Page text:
We sold our 1,200 square foot brick row house in high-cost-of-living Philadelphia and had change leftover after we built a 1,480 square foot ranch here on 0.63 acre, with many benefits we never had in Philly. It is sooo much easier achieving more sustainability when you’re building new than when everything has to be shoe-horned into your old existing home built in 1881. We hired a realtor to handle the sale and that ended up being smart because she helped us avoid some big mistakes. Unfortunately, prices in our neighborhood peaked in June 2018 but we weren’t ready to retire and move back then. The price we got for our house was less than we hoped for, but it was still plenty enough for us. We moved ourselves over the last 18 months in Uhaul trucks and trailers, saving about $8,000, and putting stuff into storage in Concord until the house was ready.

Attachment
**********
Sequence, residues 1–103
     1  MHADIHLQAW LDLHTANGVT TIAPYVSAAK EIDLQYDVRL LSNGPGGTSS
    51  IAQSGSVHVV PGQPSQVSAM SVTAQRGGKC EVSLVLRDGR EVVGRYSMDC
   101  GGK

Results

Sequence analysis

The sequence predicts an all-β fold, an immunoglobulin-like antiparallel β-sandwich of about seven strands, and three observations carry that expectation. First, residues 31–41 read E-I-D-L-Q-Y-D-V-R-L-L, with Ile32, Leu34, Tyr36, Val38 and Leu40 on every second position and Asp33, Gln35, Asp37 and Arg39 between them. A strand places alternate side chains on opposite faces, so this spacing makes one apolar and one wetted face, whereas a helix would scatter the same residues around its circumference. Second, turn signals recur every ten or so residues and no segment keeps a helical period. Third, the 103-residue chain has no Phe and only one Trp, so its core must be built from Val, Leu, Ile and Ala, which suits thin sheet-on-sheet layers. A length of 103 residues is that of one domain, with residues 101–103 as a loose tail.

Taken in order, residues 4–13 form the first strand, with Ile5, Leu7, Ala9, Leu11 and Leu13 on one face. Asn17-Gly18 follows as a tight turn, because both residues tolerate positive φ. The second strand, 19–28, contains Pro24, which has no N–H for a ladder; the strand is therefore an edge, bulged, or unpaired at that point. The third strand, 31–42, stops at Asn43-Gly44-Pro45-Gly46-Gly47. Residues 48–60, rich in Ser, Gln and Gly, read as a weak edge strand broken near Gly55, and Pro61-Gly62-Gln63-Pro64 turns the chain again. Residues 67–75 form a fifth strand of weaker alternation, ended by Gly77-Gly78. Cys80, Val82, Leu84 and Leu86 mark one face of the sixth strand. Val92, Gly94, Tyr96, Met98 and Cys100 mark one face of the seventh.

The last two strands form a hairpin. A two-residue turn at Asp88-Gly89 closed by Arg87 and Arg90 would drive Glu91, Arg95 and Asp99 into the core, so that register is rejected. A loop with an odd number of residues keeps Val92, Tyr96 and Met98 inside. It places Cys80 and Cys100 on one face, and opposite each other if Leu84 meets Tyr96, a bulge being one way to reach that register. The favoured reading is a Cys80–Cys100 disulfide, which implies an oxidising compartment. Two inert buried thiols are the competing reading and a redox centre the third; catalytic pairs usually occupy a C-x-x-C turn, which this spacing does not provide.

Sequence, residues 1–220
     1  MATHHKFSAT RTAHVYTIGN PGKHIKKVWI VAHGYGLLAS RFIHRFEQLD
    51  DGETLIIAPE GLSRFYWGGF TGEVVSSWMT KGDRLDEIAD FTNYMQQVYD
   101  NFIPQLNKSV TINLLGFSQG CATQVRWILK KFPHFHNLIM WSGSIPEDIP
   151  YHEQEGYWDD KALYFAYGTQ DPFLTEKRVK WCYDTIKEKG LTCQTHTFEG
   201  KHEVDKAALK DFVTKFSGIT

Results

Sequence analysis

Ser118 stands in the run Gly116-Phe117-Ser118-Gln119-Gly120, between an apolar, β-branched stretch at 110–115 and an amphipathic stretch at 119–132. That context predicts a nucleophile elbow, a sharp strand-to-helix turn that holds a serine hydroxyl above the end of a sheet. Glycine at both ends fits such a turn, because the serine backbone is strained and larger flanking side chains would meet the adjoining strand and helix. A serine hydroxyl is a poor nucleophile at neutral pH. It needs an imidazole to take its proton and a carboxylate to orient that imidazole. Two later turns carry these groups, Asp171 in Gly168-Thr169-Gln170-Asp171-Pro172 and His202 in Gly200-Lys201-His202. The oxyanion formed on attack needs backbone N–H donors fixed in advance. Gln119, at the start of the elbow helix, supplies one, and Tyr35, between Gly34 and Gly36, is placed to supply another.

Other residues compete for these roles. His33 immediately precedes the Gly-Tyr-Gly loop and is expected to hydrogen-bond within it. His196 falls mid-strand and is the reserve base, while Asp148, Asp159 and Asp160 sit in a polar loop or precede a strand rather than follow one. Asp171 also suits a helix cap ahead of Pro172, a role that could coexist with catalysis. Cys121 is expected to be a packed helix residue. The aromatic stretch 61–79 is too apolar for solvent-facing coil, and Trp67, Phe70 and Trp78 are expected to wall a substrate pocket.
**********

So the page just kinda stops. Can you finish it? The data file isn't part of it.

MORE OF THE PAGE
In our neighborhood, most houses face the street which I guess is pretty common everywhere. But we didn’t want to look out at cars driving by as we don’t see the attraction of that. We did want to orient one side of our roofline to maximize solar gain on our 10.65 kW solar PV system on our roof. To accomplish that we rotated the ‘front’ of the house to face only 8 degrees off of true south which means it is rotated about 110 degrees away from the street. So the “back” of the house is on an angle to the street and the “front” faces what is in the process of becoming our big, beautiful gardens. We designed in a porch off of our front door which enables us to sit and enjoy the vegetable beds, pollinator gardens, and wildflower gardens. We can’t see the street from the porch or the gardens and we can barely hear the occasional car that passes even though our garage doors face the street about 60’ away. The actual back of our lot is wooded and ends at the top of the 100’ bluff leading down to the river behind our house. It’s a great forest view all the way to the corresponding ridge on the other side of the river and the city below. It’s too steep to be developed in the future. The house is super well insulated and tight, though we told the builder NOT to spend the extra funds necessary to try to achieve an additional 5-8% necessary to be granted any of the certified energy efficiency labels. Our cooling system this summer has consisted of leaving the windows open overnight to let the house cool down and then closing everything up after breakfast. Except for 3 unusually hot days we haven’t had to use the A/C because the house stays cools until the evening. We’ve been getting electric bills every month since March, and every month our bill shows a credit. The amount of our credit will continue to rise until the heating season arrives and then we’ll start to draw it down. The engineers at ReVision Energy who designed and installed our system tried to size it so that all of our electricity for a calendar year would be covered by our solar production. I hope so because electricity here is very expensive at 17.6 cents/kWh which is more than twice what we paid for 100% wind-generated electricity in Philadelphia (7.6 cents/). One thing that caught us by surprise is how much humidity is thrown off in our basement from the brand new poured concrete. When I first measured the humidity in late April it was at 86%!! That’s way too much for many reasons, but especially for guns and ammunition. So I hooked up an Energy Star dehumidifier and connected it to run continuously and drain into the same drain the washing machine uses. The heat pump water heater also serves to draw some humidity out of the basement air but even with it running with the dehumidifier I couldn’t get the humidity below 60%. So I got another dehumidifier and after two weeks I was able to get the humidity down to where I want it: 35-40%. Now I can maintain 40% humidity or less running one dehumidifier continuously and only occasionally running the second one for 8-10 hours. As the concrete cures, I’m hoping to use the dehumidifiers less and less.